Ryerson students camp for fee freeze
Students at Ryerson University have established a tent city on campus to protest rising tuition fees and a lack of co-operation with the university on addressing the issue.
The protest began Nov. 17, the International Day of the Student, after Ryerson Students’ Union (RSU) was denied an opportunity to speak at the Nov. 24 Ryerson Board of Governors meeting.
The RSU normally meets with the board in March but wanted to meet earlier this year to have more influence on how the school puts together its budget.
The board, which is responsible for the school’s finances, planning, and property, consists of 24 members, including three student representatives.
However, the RSU was denied admission to the meeting.
Students erected a tent city in front of Ryerson’s administrative building, Jorgenson Hall.
On Nov. 20, there were 10 students sleeping in the tents, according to Jesse Root, RSU’s vice-president (education).
The students said they plan to camp out until the university co-operates to present an alternative budget to be considered at the Board of Governors meeting in April 2014.
The students are hoping the budget will not include tuition fee increases for the 10th year in a row.
“We know a university budget that freezes tuition fees and maintains program funding can be a reality,” Root said in a press release. “We have tried having meetings and working within the process, but it is time for some drastic action.”
The RSU represents more than 30,000 full-time undergraduate and all graduate students.
RSU stated their demands in an open letter to Ryerson signed by more than 5,000 students.
Their demands were to “progressively reduce” tuition fees for international students down to the same amounts as domestic students, to freeze tuition fees and call on the provincial government to help with post-secondary funding, to “commit to a more accountable budgeting process,” and to increase student representation on Ryerson’s board of governors.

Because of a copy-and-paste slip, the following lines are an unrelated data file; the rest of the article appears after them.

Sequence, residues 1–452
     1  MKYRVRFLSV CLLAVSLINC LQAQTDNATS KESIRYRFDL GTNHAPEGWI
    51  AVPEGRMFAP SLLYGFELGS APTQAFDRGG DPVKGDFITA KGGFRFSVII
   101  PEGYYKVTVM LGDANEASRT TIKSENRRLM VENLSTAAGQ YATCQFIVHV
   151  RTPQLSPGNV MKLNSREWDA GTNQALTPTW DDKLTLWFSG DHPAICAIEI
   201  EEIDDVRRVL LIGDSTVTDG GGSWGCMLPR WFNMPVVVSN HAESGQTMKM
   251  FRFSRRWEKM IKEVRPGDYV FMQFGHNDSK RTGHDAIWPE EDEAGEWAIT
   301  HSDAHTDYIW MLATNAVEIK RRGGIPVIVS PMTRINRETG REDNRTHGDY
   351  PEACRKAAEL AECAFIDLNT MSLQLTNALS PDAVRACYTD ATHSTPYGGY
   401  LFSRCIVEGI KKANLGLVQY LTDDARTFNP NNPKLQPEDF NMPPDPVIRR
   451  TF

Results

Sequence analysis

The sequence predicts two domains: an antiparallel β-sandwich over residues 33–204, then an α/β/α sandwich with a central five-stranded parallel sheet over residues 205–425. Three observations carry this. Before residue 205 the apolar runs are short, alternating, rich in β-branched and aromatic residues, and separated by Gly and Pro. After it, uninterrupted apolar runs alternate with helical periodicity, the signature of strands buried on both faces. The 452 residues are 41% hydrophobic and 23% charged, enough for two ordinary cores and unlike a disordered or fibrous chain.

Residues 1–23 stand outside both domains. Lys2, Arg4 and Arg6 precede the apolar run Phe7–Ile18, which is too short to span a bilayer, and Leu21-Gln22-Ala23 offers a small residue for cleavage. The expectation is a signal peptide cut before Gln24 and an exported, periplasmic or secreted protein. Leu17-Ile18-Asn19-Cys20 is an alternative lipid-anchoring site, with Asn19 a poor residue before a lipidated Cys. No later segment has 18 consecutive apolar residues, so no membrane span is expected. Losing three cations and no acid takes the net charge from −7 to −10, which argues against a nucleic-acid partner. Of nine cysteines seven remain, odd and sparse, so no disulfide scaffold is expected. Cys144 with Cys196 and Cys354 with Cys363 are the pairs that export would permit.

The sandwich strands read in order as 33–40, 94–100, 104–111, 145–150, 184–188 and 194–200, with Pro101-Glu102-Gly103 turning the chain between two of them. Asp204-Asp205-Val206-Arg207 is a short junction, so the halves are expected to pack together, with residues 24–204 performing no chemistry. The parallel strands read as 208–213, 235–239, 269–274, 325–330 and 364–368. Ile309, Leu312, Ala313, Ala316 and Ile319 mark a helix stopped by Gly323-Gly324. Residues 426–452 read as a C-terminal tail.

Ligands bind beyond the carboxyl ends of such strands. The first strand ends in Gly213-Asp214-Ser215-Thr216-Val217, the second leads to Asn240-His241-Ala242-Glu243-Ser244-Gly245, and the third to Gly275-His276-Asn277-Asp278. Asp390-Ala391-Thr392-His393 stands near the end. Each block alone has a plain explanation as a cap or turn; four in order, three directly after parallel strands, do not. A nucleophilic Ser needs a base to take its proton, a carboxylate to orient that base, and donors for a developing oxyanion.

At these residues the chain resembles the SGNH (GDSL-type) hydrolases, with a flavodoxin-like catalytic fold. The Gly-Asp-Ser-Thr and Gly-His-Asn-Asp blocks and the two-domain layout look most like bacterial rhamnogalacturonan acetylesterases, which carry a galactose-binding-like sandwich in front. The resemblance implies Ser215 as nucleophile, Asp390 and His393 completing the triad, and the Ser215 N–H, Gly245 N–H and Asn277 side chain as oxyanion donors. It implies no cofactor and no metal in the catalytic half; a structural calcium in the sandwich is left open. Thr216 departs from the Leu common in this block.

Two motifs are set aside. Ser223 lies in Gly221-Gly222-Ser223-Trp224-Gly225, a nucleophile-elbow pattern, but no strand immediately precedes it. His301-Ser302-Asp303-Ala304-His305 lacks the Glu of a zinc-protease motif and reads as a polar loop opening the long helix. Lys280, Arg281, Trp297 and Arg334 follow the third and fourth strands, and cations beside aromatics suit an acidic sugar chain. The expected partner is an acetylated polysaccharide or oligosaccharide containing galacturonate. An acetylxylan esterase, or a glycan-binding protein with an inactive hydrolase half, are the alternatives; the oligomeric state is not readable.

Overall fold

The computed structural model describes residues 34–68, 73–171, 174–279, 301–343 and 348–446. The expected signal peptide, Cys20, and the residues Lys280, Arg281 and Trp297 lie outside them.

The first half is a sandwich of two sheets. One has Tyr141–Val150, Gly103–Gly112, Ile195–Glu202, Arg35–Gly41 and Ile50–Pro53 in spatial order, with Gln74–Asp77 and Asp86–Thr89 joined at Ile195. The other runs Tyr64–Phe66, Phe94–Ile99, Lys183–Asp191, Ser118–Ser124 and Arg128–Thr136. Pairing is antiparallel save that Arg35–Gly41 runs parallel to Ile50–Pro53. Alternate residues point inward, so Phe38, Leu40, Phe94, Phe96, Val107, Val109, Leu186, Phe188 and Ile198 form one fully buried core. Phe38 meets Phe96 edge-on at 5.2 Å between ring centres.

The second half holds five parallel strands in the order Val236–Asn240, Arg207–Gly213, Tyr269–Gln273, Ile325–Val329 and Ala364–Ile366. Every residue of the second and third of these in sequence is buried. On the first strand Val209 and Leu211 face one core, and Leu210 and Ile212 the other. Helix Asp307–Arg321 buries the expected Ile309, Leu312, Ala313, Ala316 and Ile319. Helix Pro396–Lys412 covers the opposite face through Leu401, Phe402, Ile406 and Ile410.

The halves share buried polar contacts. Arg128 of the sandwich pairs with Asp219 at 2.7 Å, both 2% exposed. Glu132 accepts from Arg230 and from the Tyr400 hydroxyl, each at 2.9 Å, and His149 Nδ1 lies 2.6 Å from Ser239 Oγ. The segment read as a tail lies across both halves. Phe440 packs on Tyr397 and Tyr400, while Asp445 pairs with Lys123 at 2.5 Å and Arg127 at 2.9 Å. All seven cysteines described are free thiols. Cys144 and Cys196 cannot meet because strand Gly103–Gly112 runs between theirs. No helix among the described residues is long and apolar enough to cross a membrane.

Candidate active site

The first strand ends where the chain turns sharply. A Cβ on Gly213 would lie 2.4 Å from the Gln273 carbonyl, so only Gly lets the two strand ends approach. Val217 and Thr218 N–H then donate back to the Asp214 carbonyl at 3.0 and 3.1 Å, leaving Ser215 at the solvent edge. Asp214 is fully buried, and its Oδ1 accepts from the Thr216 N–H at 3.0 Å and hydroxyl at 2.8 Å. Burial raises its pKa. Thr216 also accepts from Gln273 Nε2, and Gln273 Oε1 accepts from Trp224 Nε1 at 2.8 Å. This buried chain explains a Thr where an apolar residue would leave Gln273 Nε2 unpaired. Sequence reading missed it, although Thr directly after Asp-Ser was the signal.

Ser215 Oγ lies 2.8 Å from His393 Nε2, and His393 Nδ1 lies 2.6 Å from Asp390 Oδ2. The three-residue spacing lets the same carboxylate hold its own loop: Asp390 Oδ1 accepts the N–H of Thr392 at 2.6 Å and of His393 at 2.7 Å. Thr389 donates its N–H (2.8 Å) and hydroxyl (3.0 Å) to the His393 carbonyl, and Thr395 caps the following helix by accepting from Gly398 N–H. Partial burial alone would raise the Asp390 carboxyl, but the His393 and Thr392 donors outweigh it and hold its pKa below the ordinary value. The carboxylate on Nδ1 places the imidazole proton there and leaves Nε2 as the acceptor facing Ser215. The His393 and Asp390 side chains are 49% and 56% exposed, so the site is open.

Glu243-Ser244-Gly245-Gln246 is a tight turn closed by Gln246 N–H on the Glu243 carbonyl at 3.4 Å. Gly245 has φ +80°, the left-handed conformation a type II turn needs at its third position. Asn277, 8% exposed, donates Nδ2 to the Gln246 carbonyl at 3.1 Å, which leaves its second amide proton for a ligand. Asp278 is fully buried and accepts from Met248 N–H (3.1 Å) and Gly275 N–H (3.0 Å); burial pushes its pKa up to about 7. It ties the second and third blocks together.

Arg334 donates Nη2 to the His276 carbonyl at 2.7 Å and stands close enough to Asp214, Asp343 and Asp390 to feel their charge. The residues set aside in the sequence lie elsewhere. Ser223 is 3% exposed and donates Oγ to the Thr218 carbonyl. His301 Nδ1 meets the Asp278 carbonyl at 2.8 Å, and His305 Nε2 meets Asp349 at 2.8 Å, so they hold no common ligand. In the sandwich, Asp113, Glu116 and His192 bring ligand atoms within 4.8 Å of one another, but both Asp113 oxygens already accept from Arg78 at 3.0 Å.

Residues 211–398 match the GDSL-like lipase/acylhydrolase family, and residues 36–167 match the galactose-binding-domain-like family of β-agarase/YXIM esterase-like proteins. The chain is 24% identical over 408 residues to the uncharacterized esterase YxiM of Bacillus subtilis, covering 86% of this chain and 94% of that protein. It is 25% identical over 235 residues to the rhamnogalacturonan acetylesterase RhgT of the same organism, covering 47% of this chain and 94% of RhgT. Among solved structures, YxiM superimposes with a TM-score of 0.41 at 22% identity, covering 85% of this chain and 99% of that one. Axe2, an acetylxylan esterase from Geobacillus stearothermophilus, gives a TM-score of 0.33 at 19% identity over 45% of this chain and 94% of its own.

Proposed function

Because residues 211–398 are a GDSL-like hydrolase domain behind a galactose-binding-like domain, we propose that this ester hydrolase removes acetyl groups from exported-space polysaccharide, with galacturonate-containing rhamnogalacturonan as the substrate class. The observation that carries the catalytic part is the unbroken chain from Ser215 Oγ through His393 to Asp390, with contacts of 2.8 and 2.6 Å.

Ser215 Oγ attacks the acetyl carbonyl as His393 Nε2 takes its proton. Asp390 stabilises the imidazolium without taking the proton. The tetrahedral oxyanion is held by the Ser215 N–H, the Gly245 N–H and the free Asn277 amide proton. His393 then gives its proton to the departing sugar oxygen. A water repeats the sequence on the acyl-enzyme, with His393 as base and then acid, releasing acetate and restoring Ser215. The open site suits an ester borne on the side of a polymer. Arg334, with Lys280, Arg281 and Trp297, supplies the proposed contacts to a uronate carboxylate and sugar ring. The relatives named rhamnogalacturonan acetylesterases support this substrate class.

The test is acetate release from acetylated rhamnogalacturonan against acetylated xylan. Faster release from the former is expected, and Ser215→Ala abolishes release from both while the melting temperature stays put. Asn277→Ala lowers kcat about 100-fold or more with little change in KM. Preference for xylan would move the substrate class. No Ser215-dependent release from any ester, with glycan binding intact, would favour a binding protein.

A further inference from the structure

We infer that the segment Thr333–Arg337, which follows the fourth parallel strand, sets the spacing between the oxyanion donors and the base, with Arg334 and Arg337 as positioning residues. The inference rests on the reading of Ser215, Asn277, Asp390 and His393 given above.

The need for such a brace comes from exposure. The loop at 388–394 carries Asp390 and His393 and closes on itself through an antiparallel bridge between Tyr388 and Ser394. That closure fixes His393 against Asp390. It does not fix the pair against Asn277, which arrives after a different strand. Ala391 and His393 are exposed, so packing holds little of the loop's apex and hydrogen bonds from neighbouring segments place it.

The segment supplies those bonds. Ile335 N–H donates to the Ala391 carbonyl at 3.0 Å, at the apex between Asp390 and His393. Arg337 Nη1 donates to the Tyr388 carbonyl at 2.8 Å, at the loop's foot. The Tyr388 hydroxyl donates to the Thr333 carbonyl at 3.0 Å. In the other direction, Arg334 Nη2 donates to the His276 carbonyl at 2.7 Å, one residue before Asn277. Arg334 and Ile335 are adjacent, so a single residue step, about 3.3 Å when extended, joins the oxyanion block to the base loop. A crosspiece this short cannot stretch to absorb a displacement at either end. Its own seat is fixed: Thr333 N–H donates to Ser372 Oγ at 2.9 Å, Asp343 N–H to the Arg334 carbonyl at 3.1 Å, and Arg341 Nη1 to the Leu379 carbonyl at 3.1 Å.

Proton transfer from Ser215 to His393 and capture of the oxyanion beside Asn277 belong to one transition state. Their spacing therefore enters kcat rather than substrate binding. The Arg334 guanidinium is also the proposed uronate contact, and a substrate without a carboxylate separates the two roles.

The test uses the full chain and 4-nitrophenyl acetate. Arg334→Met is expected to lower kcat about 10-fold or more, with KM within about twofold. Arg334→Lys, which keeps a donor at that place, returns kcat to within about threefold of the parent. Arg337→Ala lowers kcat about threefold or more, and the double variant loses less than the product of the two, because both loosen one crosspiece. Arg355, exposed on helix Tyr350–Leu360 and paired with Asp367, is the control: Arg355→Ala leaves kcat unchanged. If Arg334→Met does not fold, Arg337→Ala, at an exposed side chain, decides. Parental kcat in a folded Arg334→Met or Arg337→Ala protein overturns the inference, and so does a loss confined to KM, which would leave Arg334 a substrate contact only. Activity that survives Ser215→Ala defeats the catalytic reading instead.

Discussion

The RSU has taken to social media to raise awareness, primarily using the hashtags #FreezeTheFees and #TakeBackRyerson.
Another student group, Rise For Ryerson, is speaking against the tenters, saying only one side of the story is being told, according to an article in the Ryersonian.
Joseph Vukovic, a student-elected member of the board of governors, said in the article the campaign is “challenging” to the board.
In 2013, Ontario’s Public Sector Salary Disclosure statement revealed the number of Ryerson faculty, administration and staff who made more than $100,000 increased from 791 in 2011 to 892 in 2012.
According to Statistics Canada, Canadian full-time students in undergraduate programs paid 3.3 per cent more in 2014 on tuition than they did the previous year. The Consumer Price Index raised 2.1 per cent in the same time period.
The Statistics Canada report also stated undergraduate students in Ontario paid the highest average tuition fees in Canada, an average increase of $1,223 over the past five years.
Newfoundland and Labrador froze undergraduate tuition fees at $2,550 in 2003.
It remains the only Canadian province that has frozen tuition fees.